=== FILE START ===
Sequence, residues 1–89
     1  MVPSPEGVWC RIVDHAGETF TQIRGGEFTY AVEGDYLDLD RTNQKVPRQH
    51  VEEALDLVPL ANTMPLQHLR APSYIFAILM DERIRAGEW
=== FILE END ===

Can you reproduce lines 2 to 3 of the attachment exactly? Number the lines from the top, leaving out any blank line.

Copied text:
     1  MVPSPEGVWC RIVDHAGETF TQIRGGEFTY AVEGDYLDLD RTNQKVPRQH
    51  VEEALDLVPL ANTMPLQHLR APSYIFAILM DERIRAGEW